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Comment Apologies for banks? (Score 1) 72

Seriously? I'm a "sheep" for hating the banking system we've got in place?

Let's talk about that "interest collected on savings", shall we? It's so little these days, it's pretty much worthless. Meanwhile, you let the bank use your money while it sits there, to lend out to someone else at a FAR higher interest rate than you're being paid on it.

Or let's talk ATM machines.... Ostensibly deployed for customer convenience, they're ALSO quite popular with banks because it allowed them to stop hiring nearly so many tellers to help people in person with transactions. That means, a big cost savings for the banks. All fine and good, except why then do I get dinged for $2.00 or more each time I try to take my OWN money out of my account using a machine not owned by my particular bank? And why, in most cases, will the bank who owns that ATM *also* add on a $2.00 or more fee for withdrawing the money? If I only need $10, that's a good 40% of what I'm withdrawing they want as a cut for doing it! With almost all of these machines in the same "network", it should be a trivial process for banks to sort out who owes who for a "foreign transaction" and straighten that out on the back end. Maybe worth a 25 cent surcharge, at most.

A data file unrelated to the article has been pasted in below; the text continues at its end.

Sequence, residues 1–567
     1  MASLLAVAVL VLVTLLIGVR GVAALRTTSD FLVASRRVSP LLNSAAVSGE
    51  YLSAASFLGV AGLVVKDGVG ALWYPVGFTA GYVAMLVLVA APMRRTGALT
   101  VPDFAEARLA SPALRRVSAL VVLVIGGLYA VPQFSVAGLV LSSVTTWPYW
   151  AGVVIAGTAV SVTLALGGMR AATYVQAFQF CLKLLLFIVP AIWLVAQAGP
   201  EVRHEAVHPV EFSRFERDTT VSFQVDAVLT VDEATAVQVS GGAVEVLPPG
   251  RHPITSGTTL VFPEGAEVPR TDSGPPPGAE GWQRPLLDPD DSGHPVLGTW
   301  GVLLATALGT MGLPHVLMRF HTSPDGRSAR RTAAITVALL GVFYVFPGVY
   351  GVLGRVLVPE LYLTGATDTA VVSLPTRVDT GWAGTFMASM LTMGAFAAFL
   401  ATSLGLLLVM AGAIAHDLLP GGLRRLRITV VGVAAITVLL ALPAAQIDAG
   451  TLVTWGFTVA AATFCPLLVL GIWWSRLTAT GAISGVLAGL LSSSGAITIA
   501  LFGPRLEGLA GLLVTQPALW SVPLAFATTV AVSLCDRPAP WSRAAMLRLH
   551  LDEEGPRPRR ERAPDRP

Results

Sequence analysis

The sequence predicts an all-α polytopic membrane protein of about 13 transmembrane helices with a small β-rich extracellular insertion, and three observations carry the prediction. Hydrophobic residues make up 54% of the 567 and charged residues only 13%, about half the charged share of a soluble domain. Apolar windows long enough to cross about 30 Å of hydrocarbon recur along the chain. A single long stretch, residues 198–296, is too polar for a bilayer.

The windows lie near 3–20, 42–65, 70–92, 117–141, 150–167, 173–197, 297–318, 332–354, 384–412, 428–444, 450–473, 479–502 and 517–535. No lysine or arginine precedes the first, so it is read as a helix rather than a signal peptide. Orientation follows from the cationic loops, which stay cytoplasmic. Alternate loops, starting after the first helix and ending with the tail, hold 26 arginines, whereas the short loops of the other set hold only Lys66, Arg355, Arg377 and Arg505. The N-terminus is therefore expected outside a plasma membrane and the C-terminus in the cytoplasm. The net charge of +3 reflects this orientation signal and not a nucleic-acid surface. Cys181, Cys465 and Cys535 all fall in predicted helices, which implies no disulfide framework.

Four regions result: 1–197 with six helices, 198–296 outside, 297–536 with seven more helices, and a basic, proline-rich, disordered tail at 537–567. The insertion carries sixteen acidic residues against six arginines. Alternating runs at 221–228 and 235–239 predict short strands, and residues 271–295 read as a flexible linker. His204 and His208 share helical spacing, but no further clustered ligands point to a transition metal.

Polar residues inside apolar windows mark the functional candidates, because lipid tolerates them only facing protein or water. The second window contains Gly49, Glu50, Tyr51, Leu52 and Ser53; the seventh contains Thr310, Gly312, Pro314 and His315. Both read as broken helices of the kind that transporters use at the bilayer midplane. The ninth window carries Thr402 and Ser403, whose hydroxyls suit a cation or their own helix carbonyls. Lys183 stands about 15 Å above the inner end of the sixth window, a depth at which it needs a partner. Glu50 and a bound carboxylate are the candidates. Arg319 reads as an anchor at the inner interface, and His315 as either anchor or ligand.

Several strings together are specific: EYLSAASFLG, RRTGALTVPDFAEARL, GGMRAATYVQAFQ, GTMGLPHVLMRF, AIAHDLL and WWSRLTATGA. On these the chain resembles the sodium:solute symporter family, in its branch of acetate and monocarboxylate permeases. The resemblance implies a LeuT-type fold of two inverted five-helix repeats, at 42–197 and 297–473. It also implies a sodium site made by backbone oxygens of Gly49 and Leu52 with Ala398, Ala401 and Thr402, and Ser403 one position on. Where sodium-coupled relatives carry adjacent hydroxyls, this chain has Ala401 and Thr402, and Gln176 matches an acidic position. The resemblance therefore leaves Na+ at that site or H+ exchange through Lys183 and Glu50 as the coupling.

In fact, pretty much ANY interaction with a bank involves surcharges tacked on. Want a new box of checks ordered? You can be sure they'll sell them to you for at least 2x the going rate from any of the custom check printing services that advertising in the local newspaper and elsewhere (and get less choice about how you want them to look). Accidental overdraft? Now we're really talking extra charges! I guess they figure since YOU made the mistake, they can soak you with impunity on those, right?

I have no problem with a lender verifying a person is reliable and statistically likely enough to repay them before agreeing to the loan. But loans are where banks really should be making all the money they need to survive and thrive! All of the savings or checking accounts should just be tools to gather up some of that money to lend back out, and not viewed as MORE ways to profit from people. Most of the people opening one of those accounts will eventually need an auto loan, a home loan, or some kind of personal loan anyway.

And lastly -- I never found a bank that would lend me money at an interest rate as low as a local credit union. They're simply not competitive with them!

Comment Re:The problem is user error. (Score 1) 571

I agree. The technical problem here was that the user managed to enter an incorrect destination. Common sense *should* come into play once you've driven a good bit further than what you expected to reach the place .... but that's kind of irrelevant to the point. A GPS is supposed to navigate you to the correct location.